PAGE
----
01-11-2013 08:05 PM
I just got tentatively approved for a VA loan. By that, I mean it still has to go to the underwriters. But when the bank ran my credit report something came up on it that should have been part of a bankruptcy that was discharged in 2005. This thing that came up is a real estate loan (turns out it was a second mortgage on the house that went in the bankruptcy). It took me a long while to figure out what it was because it was under a creditor name I did not recongnize. I looked on the paperwork where I filed bankruptcy and did not find the name of the creditor but found the amount. So I know it was included at one time.
My question is two-fold; First I have read a lot on here about "date of 1st deliquency"; there is no such heading on the credit report I got from the bank, but there is a RPTD (of 05/12) and a OPND, since the column that says OPND is 01/02 does that mean I can dispute it and get it off since it is now 10 years since that date? And second, will the underwriters see this and disapprove my loan after all?
Sorry it is long winded,
Told you I was confused
01-11-2013 11:19 PM
OPND is most likely their acronym for Opened Date, which would be the date the account was opened. It is unrelated to DOFD.
Date of first delinquency is the date that you first went delinquent on the account, and thereafter did not place the account back into good-standing before either a collection or charge-off was reported. Expiration of 7 years plus 180-days from the DOFD defines the date that the reported collection of charge-off must be excluded from your CR, not the date of exclusion of the account.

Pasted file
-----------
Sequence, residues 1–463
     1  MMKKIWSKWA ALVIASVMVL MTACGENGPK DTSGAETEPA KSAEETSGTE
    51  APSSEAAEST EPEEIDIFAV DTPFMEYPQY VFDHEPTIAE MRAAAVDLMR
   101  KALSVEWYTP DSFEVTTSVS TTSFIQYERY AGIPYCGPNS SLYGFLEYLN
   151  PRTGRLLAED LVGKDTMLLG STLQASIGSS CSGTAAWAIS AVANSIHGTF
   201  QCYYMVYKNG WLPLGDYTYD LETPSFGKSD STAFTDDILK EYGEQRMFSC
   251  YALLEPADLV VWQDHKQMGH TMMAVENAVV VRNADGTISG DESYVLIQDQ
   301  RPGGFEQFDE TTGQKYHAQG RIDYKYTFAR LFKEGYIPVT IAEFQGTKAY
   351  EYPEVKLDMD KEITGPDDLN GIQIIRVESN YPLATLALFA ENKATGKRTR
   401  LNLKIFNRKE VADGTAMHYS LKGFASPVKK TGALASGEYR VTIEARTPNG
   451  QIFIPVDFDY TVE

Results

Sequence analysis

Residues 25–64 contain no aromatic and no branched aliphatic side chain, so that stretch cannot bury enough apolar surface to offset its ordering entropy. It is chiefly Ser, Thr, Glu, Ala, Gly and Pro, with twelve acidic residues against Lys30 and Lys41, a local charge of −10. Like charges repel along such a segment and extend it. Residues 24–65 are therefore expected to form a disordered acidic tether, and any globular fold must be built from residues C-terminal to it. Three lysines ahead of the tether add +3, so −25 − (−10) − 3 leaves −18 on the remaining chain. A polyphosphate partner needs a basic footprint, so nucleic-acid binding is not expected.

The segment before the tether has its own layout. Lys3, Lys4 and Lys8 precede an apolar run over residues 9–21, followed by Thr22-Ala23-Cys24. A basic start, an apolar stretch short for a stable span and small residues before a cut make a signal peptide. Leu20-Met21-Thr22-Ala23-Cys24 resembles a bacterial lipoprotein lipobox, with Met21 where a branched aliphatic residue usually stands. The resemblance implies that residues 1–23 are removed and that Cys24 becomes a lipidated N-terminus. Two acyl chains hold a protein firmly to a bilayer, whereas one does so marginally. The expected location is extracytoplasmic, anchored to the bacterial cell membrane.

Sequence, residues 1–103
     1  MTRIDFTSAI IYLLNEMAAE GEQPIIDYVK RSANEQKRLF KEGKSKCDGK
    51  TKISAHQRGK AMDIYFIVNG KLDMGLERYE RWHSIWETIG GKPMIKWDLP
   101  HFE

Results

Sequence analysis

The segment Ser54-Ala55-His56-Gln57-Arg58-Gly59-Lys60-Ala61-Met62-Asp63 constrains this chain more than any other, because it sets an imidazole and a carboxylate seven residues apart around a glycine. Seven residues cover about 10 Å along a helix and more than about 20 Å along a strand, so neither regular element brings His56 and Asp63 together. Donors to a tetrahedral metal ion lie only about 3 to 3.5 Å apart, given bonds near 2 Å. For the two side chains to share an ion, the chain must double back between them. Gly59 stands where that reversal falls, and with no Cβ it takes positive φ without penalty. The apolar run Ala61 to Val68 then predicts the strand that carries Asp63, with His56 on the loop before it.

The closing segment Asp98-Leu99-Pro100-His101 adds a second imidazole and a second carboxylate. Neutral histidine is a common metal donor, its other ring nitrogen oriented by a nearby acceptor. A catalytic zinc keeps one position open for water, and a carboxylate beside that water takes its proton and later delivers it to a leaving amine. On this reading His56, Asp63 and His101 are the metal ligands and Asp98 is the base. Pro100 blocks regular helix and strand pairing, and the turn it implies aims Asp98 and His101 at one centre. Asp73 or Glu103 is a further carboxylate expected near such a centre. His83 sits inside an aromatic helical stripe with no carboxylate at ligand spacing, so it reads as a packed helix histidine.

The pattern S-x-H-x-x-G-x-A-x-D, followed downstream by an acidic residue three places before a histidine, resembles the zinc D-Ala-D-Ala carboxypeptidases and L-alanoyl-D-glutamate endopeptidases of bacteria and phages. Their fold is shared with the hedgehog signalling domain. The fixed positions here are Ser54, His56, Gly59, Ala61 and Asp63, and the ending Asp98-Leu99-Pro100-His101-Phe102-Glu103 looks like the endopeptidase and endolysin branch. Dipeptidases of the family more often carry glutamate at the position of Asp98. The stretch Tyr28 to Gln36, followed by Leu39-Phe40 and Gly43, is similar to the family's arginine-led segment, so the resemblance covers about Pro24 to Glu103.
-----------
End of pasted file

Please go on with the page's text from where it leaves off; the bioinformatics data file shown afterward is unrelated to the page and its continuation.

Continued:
There is no requirement under the FCRA for deletion of OC accounts after any period. The 10-year period to which you refer is an arbitray date used by the CRAs to eventually purge old accounts from their files, and is based on the date the OC account was closed.
myFICO is the consumer division of FICO. Since its introduction 20 years ago, the FICO® Score has become a global standard for measuring credit risk in the banking, mortgage, credit card, auto and retail industries. 90 of the top 100 largest U.S. financial institutions use the FICO Score to make consumer credit decisions.>> About myFICO